Tomorrow he has to sell his vision for Munster’s future to the senior players. Tomorrow is when he outlines how he wants the team to play, how he sees them contributing to his overall plan and gets an early indication of whether or not they’ll buy into his vision.
To be fair the process of convincing that most influential cadre is already in motion. It started when he met with Paul O’Connell in Limerick and then Ronan O’Gara and Doug Howlett in Cork during his visit for interview.
He outlined a rough blueprint during those meetings, and the word back then was that the players were impressed by Penney.
Now the next step is to sell it to the group as a whole.
“In terms of style I certainly have a way I want us to play. And it encompasses all 15 players on the pitch so you can gauge what that entails yourself really.
“But it is not only up to me. I will present it to the wider group of senior players on Friday and get their buy in and get the adjustments that they would like to make and have them involved in it.
“These things are only successful is everyone buys into it and we want everyone on board.”
Penney was assured, forthright and supremely confident in yesterday’s briefing. He’s been the same with the players since overseeing his first session in Limerick on Monday, putting them at ease and being inclusive in his plans.
He’s also clever enough to know that he can tap into the brains’ trust that operates within Munster, highlighting the experience and knowledge the likes of his captain Paul O’Connell will bring to line-out plays and forward moves.
Penney, Mannix and Anthony Foley will naturally be the ones steering the ship but, as Penney is clearly aware, those in the trenches can positively supplement plans formulated by management.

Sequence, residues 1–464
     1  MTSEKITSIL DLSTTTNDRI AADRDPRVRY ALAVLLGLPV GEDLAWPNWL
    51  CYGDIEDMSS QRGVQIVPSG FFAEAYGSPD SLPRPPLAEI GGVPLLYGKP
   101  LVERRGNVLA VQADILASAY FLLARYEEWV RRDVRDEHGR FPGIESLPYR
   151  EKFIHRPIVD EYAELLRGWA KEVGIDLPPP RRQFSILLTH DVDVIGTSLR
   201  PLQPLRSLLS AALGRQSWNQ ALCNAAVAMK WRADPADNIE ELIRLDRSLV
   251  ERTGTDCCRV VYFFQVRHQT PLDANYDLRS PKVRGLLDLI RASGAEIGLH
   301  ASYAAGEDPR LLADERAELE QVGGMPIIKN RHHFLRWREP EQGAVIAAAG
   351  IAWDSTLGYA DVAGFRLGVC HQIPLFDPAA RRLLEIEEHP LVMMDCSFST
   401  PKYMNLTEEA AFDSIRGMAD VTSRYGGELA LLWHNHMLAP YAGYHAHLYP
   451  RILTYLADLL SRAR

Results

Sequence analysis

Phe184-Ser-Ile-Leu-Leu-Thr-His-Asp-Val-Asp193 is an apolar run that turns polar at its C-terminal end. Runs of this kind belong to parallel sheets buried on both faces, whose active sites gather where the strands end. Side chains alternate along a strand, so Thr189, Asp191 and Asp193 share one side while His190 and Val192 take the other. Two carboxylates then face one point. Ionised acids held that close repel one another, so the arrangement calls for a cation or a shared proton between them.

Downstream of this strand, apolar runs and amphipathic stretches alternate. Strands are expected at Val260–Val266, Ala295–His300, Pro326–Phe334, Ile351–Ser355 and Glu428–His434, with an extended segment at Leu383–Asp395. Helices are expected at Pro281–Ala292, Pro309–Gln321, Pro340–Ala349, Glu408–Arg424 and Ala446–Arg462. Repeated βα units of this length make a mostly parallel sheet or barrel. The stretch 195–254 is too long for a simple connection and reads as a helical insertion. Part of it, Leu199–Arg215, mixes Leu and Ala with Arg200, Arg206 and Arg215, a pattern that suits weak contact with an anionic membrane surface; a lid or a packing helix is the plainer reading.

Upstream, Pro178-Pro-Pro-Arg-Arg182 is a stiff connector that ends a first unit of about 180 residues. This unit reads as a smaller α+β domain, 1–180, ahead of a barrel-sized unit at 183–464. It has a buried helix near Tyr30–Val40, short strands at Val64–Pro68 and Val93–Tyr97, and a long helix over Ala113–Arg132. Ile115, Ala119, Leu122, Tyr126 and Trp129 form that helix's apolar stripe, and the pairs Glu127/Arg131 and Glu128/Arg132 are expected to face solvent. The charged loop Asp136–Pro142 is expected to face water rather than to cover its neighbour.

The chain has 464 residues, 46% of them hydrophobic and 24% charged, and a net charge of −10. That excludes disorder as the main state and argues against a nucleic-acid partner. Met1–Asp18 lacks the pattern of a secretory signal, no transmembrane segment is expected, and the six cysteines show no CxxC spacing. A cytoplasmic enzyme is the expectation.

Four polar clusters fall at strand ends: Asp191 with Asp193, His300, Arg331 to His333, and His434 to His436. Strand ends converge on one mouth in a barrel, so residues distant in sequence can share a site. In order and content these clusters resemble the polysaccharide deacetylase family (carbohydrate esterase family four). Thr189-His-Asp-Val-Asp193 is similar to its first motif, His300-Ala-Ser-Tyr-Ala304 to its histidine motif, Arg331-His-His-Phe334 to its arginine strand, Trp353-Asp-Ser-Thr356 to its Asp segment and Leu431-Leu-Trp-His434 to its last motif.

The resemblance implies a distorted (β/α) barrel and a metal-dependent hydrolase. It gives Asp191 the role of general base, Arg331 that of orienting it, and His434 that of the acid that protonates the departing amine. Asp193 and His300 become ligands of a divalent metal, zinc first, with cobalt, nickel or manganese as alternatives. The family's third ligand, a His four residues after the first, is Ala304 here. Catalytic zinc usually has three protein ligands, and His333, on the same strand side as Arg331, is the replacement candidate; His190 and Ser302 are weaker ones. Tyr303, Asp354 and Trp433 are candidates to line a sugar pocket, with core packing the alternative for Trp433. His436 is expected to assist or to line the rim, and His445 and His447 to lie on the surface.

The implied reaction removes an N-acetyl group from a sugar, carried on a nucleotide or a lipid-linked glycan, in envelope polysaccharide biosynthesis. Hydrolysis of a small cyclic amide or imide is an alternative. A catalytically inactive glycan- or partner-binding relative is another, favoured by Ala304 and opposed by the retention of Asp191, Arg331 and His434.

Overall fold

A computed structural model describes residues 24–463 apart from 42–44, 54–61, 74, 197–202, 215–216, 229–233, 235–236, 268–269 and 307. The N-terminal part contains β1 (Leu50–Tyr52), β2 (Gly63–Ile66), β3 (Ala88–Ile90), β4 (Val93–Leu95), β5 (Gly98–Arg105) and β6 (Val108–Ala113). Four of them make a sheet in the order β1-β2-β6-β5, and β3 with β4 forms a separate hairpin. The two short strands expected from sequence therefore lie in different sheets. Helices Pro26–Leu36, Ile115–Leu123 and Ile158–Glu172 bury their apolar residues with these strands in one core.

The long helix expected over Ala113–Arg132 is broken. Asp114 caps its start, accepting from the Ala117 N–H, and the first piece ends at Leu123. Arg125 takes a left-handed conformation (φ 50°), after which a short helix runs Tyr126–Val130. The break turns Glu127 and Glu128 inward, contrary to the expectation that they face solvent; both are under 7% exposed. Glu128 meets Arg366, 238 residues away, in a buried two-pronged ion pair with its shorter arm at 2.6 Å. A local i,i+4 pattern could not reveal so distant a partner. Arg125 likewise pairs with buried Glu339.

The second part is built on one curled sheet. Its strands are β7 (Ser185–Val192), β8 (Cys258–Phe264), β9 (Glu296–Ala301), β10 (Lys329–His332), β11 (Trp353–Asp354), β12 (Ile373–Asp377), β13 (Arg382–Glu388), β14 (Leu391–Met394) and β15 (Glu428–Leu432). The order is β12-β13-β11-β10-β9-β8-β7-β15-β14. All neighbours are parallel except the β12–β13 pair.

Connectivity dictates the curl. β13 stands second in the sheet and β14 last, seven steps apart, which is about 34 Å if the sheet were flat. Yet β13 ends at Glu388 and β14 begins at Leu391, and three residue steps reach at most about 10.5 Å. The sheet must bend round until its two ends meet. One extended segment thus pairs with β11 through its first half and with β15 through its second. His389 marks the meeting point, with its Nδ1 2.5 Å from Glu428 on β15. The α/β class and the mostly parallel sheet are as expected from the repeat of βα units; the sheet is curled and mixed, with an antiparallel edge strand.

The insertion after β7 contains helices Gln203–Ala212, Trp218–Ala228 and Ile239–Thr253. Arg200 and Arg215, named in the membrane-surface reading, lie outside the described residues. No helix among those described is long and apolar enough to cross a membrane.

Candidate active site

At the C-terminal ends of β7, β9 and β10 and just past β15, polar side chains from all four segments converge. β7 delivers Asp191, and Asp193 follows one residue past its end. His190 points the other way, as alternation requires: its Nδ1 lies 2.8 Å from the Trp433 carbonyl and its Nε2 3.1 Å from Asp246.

What’s next after Friday’s meet for Penney and his staff is the return of the Ireland internationals (senior and U20) to the squad on Monday ahead of their three game series (La Rochelle, Bristol & London Irish in August.
The two questions left unasked (and therefore unanswered) yesterday were what are his goals for next season?
And has he been set minimum targets?
Chief executive Garrett Fitzgerald has already highlighted that the Heineken Cup final is in the Aviva Stadium in 2013…the rest is unsaid.
No pressure then Rob?
Even though he wasn’t asked, it’s clear that Penney isn’t one fazed by pressure, implied or otherwise.
“Every coach is under a degree of pressure to get results,” he said.
“I’ve been in the game a long time now and philosophically if you spend the time growing and nurturing the group then can only do as well as they can do. If it is good enough it is good enough, if it’s not it’s not.
“From that perspective I don’t feel under any undue pressure, it is just a matter of me doing the best I can do by the group of players here and try and maximise their potential and try and grow the young ones and get the best out of the mature leaders that are fantastic contributors to this environment.
“If we can do that then hopefully the rest will take care of its self,”
A good start. Now, what’s next?